General procedures in the studies were as follows: The participants were mailed study information, a questionnaire, and an invitation to a basic clinical examination where they also received complementary questionnaires containing questions on, among other things, the psychosocial situation at work [28]. Altogether, 8820 persons were invited, and of these, 8626 were eligible (194 were deceased, had an unknown address, or had moved abroad or to another part of Sweden) [29]. The response rate was 41.9 %, and the final sample consisted of 3614 men and women aged 25–74 years. All participants gave informed consent to be included. The studies were approved by the regional ethical review board at Gothenburg University (application numbers Ö092-91 for ADONIX and Ö237-2000 for INTERGENE). Detailed information about the INTERGENE and ADONIX research projects is available on the University of Gothenburg’s website [26].

Since our study demanded information on psychosocial work variables, all subjects not currently working full- or part-time (n = 1332) were excluded, leaving 2282 eligible subjects. Of these, 730 subjects could not be included in the statistical analyses due to missing information: 28 were lacking information on working status; 249 (of the remaining 2254 subjects) had missing (n = 246) or incomplete (n = 3) ECGs, that was used to measure resting heart rate; 379 (of the remaining 2005) did not fill in the psychosocial questionnaire and 74 (of the remaining 1626) had missing or incomplete information on demand and control variables. Hence, the final study population consisted of 1552 subjects, 752 men and 800 women.

Variables

Resting heart rate

A standard 12-lead resting ECG was used to measure heart rate. The participants rested for 5 to 10 min before registering. A Siemens Megacart utilizing the Glasgow Royal Infirmary Interpretive ECG Algorithm was used to read the ECGs.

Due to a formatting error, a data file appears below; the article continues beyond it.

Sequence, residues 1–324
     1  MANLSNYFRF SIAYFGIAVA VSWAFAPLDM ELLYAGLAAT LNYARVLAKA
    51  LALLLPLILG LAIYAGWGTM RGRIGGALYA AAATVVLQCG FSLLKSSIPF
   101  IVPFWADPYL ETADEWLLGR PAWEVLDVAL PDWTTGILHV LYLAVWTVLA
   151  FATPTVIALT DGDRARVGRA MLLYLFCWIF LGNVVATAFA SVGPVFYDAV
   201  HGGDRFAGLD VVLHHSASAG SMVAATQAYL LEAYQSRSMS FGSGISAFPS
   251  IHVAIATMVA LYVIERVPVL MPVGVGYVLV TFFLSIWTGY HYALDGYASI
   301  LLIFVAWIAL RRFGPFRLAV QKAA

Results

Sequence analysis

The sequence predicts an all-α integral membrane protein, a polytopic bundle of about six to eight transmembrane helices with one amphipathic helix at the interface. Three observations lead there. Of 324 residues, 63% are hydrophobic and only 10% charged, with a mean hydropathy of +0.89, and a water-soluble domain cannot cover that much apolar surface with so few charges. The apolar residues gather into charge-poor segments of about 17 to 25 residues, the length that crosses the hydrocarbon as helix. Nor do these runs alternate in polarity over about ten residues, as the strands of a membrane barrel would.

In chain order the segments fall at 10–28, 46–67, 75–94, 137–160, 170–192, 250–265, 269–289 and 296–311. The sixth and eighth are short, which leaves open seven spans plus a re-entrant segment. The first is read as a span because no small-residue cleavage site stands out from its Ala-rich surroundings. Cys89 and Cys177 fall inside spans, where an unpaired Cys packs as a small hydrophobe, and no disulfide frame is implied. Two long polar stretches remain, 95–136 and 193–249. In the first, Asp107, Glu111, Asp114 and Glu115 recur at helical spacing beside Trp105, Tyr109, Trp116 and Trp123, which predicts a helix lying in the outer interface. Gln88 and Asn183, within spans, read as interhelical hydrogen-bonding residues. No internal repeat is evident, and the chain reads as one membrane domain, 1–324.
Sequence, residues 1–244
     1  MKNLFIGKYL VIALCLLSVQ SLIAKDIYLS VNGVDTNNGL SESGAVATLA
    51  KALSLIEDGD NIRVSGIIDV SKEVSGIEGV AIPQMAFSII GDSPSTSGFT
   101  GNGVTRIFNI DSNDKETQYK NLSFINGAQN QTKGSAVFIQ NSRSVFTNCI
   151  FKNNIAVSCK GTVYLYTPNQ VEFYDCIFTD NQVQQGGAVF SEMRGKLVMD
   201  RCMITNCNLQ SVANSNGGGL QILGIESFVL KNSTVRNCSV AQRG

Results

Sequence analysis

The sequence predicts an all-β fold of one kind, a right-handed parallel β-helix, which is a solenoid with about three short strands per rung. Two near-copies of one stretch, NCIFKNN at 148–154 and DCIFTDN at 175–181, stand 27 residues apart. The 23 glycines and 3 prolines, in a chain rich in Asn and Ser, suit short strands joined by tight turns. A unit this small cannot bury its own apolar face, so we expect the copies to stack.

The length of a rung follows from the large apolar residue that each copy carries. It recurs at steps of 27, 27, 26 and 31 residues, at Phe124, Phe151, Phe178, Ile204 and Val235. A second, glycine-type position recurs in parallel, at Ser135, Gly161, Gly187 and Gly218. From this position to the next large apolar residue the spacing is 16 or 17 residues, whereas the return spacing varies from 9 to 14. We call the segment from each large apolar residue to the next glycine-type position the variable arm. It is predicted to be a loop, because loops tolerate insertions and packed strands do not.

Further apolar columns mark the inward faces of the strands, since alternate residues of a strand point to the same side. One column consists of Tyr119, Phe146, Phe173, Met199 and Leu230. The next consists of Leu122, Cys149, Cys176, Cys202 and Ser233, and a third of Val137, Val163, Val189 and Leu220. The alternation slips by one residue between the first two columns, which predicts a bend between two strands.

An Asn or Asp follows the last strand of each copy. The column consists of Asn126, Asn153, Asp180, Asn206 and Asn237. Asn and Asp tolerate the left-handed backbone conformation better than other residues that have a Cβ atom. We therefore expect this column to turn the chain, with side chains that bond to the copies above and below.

Psychosocial work variables and covariates

Information about psychosocial work variables and covariates was collected from the questionnaires filled in at home and at the clinical examination.

Demand and control

Demand and control were explored using a questionnaire with three Likert-scaled items (questions) for each variable. The questionnaire was based on a remodeled version [30, 31], of Karasek’s Job Content Questionnaire [32]. The variables of the structure describe similar dimensions as the job strain model, and will therefore be referred to as demand and control in this study. A sample demand item was; “How often during the last year has there been an increased amount of work?” and for control; “Do you have the possibility to decide your work tasks?”. Each item was scored 1 to 5 (answers ranging from “never” to “almost all the time”). A high score indicated high demand or high control respectively for the particular item. The scores were summed, giving a discrete value between 3 and 15 for each dimension. The median score was 10 for demands and 11 for control. We used the log-transformed ratio of job demands over job control to operationalize job strain in the statistical analyses. We also analyzed the sum scores of the control and demand variables separately. Internal consistency was calculated using Cronbach’s alpha and was good for job control (0.81) and acceptable for job demands (0.76).

Statistical methods